Monday, March 14, 2011

When Behavior Problems Aren't So Simple: Raja's Story

Five years ago, Raja was found as a stray, a beautiful giant running through West Philadelphia. At 16" tall and 90 lbs he was a stocky little monster. Raja was lucky enough to avoid cars, other dogs, people who wanted to hurt him, and all the other perils of the city streets, AND was lucky enough to be found by good Samaritans who pulled him off the streets and, not knowing what else to do, dropped him off at a local veterinary emergency room. As "those vet students who run a rescue", we were the first to be called. He didn't have a microchip, ID tag or any means to find his owner. We called the local SPCAs and shelters, and we posted fliers, but no one was looking for poor Raj.

This sweet dog, who never met a person or animal he didn't like, wasn't in foster care long until a young couple applied and were approved to adopt him. He settled in quickly and was happy addition to their family. He had a great 5 years there (making him about 7 now), before we received a disturbing email. Raja had started urinating in their house shortly after they adopted a kitten (a few months ago). They were at their wits end; they had tried babygating him away from the kitten, crating him, taking him outside more frequently, in short, everything they could think of, and yet poor Raja kept peeing in their house, ruining their carpets and floors. The sad, frustrated email stated that they just didn't know what else to do and wanted to return him to us so that we could find him a home where he would be happier.

To our surprise, when we arrived to retrieve Raja, he seemed much the same as when we left him: happy, wagging and giving kisses. They reported that he and the kitten seemed friendly, there was no fighting, chasing or other issues between them, just the urination, every day, in the house. Since they were sure that Raja's new behavior wasn't medical (he seemed normal to them in every other way, and they were sure he was just upset about the kitten), he had not seen a veterinarian since the problem started. To make sure we had a complete history, we started asking the medical questions that they might not have thought of. It turns out that Raja had lost some weight recently and also seemed to be hungry all the time, both of which they didn't think much about until we started asking (they had put him on a diet and attributed the weight loss and hunger to this).

In order to think about placing a dog as old as Raja in another home, we needed to do a complete medical work-up for him first. Since old dogs take a long time to place, we didn't feel like it would be fair to ask him to adjust to a new foster home and then a new adoptive home if there was something medically wrong with him. There are lots of serious diseases that are associated with frequent urination and weight loss, including kidney disease, liver disease, diabetes, cancer, and more. We wanted to rule all of these things out right away. We took Raja to our vet office for some routine testing on the way home, doing a urinalysis (to rule out diabetes and look for kidney disease) and x-rays first, then planning to do bloodwork to look for systemic problems like kidney or liver disease. To our dismay, Raja had a very large tumor growing in his abdomen, potentially associated with one of his kidneys, liver or spleen, and it had already spread to the lymph nodes in that area, meaning it was virtually impossible to cure. Based on his prognosis and the fact that he was already showing severe signs of kidney disease, we elected to euthanize Raja rather than allow him to suffer any longer.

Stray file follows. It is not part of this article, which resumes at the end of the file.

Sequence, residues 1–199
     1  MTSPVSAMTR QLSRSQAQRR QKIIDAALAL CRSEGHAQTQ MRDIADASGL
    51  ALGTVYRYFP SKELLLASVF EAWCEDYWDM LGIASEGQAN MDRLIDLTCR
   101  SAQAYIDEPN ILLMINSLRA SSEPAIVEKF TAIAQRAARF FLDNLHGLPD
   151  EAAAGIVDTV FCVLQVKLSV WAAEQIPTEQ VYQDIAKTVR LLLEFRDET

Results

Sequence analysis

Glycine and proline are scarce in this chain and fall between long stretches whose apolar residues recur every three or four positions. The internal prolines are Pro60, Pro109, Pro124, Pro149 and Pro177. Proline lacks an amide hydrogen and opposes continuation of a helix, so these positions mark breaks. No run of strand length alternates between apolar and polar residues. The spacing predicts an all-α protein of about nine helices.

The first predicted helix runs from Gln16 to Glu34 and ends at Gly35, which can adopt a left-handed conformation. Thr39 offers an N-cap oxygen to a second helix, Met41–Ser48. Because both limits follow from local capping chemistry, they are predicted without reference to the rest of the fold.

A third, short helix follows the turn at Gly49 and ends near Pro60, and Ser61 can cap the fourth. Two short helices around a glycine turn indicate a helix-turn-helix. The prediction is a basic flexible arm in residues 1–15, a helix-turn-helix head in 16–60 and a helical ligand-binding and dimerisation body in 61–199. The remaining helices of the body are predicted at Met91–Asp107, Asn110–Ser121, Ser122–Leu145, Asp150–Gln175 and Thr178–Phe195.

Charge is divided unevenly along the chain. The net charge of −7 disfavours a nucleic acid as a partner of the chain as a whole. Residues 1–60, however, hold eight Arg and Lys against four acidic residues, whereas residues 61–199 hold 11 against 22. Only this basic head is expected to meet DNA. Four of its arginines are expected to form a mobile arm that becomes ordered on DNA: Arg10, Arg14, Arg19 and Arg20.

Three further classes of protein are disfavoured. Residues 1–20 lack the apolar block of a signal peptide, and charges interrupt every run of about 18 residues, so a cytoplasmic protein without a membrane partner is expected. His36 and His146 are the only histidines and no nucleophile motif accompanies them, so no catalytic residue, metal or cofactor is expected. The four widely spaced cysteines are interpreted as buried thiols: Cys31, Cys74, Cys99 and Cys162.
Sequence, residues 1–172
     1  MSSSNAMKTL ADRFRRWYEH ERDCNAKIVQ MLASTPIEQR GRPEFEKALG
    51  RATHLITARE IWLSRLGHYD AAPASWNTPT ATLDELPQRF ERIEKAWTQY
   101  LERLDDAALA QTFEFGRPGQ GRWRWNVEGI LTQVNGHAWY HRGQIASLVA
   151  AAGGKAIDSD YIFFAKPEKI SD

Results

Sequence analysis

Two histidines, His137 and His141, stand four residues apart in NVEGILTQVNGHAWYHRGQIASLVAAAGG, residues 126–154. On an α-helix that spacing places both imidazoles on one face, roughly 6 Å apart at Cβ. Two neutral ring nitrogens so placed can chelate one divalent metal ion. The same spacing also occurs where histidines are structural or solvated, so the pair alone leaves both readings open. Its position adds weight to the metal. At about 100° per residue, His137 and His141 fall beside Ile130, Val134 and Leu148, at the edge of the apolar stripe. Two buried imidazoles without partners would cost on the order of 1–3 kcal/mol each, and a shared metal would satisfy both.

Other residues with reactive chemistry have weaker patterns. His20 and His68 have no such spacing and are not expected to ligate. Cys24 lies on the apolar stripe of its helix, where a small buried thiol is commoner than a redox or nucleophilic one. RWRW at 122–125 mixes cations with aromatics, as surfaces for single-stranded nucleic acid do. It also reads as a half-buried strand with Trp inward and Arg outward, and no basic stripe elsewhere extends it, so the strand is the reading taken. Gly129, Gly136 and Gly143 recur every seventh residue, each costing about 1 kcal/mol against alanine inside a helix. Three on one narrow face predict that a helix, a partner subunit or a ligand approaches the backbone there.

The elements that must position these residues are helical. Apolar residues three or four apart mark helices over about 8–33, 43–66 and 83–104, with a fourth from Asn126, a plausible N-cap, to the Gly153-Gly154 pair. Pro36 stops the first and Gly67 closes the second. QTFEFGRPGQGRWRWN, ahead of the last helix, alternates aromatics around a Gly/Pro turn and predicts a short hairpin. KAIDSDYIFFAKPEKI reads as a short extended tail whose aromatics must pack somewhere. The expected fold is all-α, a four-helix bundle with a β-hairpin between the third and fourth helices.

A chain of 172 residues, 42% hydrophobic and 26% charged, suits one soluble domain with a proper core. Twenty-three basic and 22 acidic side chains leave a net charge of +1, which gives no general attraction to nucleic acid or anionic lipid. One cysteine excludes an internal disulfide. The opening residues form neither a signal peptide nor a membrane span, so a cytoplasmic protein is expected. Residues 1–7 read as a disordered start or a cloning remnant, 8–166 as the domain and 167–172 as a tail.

We didn't want Raja to have died in vain, so we thought we could share his story in the hopes that his story will help other pet owners to recognize early signs of disease that may be easily mistaken for other things. A lot of the time, especially in older dogs, acute behavioral changes can be associated with sickness. And a lot of the time, it's easy to attribute these behavioral changes with the changes that happen in every day life; the new pet, the new baby, moving, etc, and to convince ourselves that what we're seeing is due to anxiety, spite, jealousy, or fear. Raja's poor owners went through weeks of trying to help him feel more comfortable in his home, getting more frustrated as each attempt failed. The first step to working through behavior problems should ALWAYS be a medical exam, especially in older animals. Routine vet care (including screening tests like wellness blood work) can go a long way to early detection of problems like Raja's, hopefully to identify medical problems BEFORE owners are at their wit's end and the animal is too sick to be treated. If Raja's owners had taken him to the veterinarian when he started urinating in the house, could they have saved him? We'll never know; it very well may have been that it was already too late. But at the very least, they wouldn't have watched their relationship with the dog they loved deteriorate until they had no recourse left but to ask us to come pick him up.

Raja is still luckier than many dogs that die on the streets every day; he had owners that loved him dearly, and rescuers that held him while he took his last breathe. He will not be forgotten...

1 comment:

Andy Dufresne said...

Second time reading this and I still get teary-eyed.